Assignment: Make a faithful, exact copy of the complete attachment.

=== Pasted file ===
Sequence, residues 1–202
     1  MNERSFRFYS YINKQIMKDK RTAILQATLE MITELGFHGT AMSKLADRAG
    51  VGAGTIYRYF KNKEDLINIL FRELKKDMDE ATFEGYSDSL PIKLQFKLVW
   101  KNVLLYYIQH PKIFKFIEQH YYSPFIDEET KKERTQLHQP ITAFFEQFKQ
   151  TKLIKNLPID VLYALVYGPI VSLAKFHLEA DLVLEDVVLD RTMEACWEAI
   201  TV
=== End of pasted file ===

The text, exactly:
Sequence, residues 1–202
     1  MNERSFRFYS YINKQIMKDK RTAILQATLE MITELGFHGT AMSKLADRAG
    51  VGAGTIYRYF KNKEDLINIL FRELKKDMDE ATFEGYSDSL PIKLQFKLVW
   101  KNVLLYYIQH PKIFKFIEQH YYSPFIDEET KKERTQLHQP ITAFFEQFKQ
   151  TKLIKNLPID VLYALVYGPI VSLAKFHLEA DLVLEDVVLD RTMEACWEAI
   201  TV